No Rental History: Steps to Land Your First Rental


Are you on the hunt for an apartment as a first-time renter? Are you worried about getting approved because you have no rental history? In the months leading up to getting your own place, working on essentials such as building credit and health money management habits can give you the upper hand. However, even if you have personal references and proof of income for an apartment in hand, some landlords may turn you away. 

But there are still ways to prove you’d be a worthy tenant.  

How to rent with no rental history

As a newly independent adult, one of the first big hurdles you’ll face is how to get an apartment with no rental history. Fortunately, nabbing the perfect pad can be done – with a little foresight.  

Prepare your credit

Having no credit or rental history might put you at the bottom of the prospect list. If this is you, it’s time to establish your credit history with a Credit Builder loan. For only $19.99 per month, a Credit Builder PlusSM membership can help plump up your credit history with:

  •  No hard credit checks1
  • Regular reports to three major credit bureaus
  • Competitive-rate installment loans with 12-month payback periods

After boosting your credit with a Credit Builder membership, you’ll be ready to take the next step: applying for your rental.2  

Resolve any credit history issues

Are your student loans in default?

You may think this question has nothing to do with renting an apartment – and you’d be wrong. Student loans, car loans, personal loans, and other types of debt can be bad when they impact your credit report. 

While it’s not impossible to get an apartment with bad credit, it’s rare to find no rental history check apartments. Thus, you should take the time to correct negative marks on your credit report before you apply. You may need to pay down your debts, build a regular deposit history, or create a budget. 

And if you’re not sure where to start, a RoarMoneySM account can help. The MoneyLion app includes the Financial Heartbeat® tool and spend tracker reports can help you monitor your budget! Plus, you can access other features, such as 0% APR InstacashSM

Look for flexible landlords

When it comes to renting, larger apartment complexes typically have stricter tenant requirements. Hiring a real estate agent to help you find a landlord who’s not as firm on rental history can help you navigate your options. You can also broaden your prospects to include homeowners renting out a spare room, loft, or garage. You may find you like living with a roommate – or even a family of roommates! 

Provide supporting documents 

One step you can take to prove you’re a worthy first-time renter is to provide data upfront – before your potential landlord runs an all-inclusive credit check. Of course, you’ll want to bring proof of income and personal references for an apartment manager to review. You also may want to include other evidence of eligibility, such as:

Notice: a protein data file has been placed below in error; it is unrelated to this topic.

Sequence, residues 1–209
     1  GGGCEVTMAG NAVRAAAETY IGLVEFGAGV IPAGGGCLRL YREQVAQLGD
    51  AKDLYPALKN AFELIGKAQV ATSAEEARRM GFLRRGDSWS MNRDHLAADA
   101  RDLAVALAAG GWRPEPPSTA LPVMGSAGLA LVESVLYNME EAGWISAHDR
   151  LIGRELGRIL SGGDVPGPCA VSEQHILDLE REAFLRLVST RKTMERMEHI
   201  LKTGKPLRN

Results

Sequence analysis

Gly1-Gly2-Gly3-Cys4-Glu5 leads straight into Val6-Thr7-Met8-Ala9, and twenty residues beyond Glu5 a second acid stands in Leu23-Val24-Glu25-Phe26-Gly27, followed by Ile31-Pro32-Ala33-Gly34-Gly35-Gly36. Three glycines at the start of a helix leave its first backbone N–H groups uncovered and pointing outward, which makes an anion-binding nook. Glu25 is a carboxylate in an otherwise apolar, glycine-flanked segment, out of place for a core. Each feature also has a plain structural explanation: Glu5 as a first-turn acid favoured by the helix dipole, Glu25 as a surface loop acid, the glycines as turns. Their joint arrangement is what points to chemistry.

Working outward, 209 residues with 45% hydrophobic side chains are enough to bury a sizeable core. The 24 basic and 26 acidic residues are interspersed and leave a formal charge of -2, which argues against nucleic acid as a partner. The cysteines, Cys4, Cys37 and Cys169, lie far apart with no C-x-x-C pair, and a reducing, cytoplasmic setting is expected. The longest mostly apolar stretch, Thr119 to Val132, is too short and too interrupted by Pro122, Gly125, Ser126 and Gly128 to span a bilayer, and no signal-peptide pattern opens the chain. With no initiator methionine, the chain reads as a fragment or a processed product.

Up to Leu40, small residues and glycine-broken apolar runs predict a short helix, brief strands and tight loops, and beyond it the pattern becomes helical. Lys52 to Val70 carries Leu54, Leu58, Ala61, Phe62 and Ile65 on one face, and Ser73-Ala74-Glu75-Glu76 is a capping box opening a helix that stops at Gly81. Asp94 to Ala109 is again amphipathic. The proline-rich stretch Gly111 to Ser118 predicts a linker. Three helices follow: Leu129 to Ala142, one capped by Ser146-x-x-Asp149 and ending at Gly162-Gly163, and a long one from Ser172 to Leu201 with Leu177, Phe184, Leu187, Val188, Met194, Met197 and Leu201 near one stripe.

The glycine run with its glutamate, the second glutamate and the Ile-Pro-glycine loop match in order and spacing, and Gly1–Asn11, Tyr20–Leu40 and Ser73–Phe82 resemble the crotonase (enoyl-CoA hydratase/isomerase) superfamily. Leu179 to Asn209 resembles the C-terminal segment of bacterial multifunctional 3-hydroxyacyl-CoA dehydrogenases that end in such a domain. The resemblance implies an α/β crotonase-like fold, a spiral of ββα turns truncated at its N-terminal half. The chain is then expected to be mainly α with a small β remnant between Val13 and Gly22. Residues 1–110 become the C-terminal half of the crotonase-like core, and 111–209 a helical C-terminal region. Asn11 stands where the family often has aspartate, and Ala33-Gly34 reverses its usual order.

• Credit reports
  • Bank statements
  • Employer verification

Ask someone to co-sign

You may have heard of loan cosigners – perhaps you’ve even co-signed (or had someone cosign for you) before. But did you know that you can also get a co-signer on an apartment lease?

Co-signing for an apartment is similar to guaranteeing a loan. Your cosigner is not required to live in the apartment, but they do have to put their name on the lease. And, if you can’t pay your rent, they’ll have to cough up the dough – or face a potential lawsuit as your co-defendant. 

But if you’re generally responsible with money and have the income to pay your rent, tapping a trusted family member or friend can improve your odds of being approved. 

Get a roommate

If you can’t find someone to co-sign your apartment, it’s always possible to find a roommate, instead. After all, two people with supporting documents are better than one! (Bonus points if they have a good rental history.) 

Start by asking family or friends if they’d be interested in bunking with you for a few months. Or you can check out roommate-finding sites such as or Roomster.  

Pay more upfront

Instead of living with a roommate, another option is to save your salary and offer your potential landlord three to six months’ rent upfront. By guaranteeing payment immediately, you prove you’re a responsible tenant, despite having no rental history. 

With MoneyLion RoarMoney cashback rewards, you can earn cash back everyday on purchases to save toward your goals.3 What better way to save for your future apartment without even trying?

Skip renting and buy

Renting isn’t for everyone, and for some individuals, buying a home makes more financial sense. Thus, if all else fails, you can talk to family or friends about living at home until you can improve your credit score and stash away cash toward a down payment. 

Final Thoughts on Getting an Apartment with No Rental History

While getting approved for an apartment with no credit check or rental history isn’t impossible, it does require some foresight and future planning. By preparing your credit, hunting for the right landlord (and maybe a roommate), and gathering your documents, you can set yourself up for success. And once you have your supporting financial documents in hand, file your return at For only $25, you can maximize your refund this tax season and put that money toward renting your new home.

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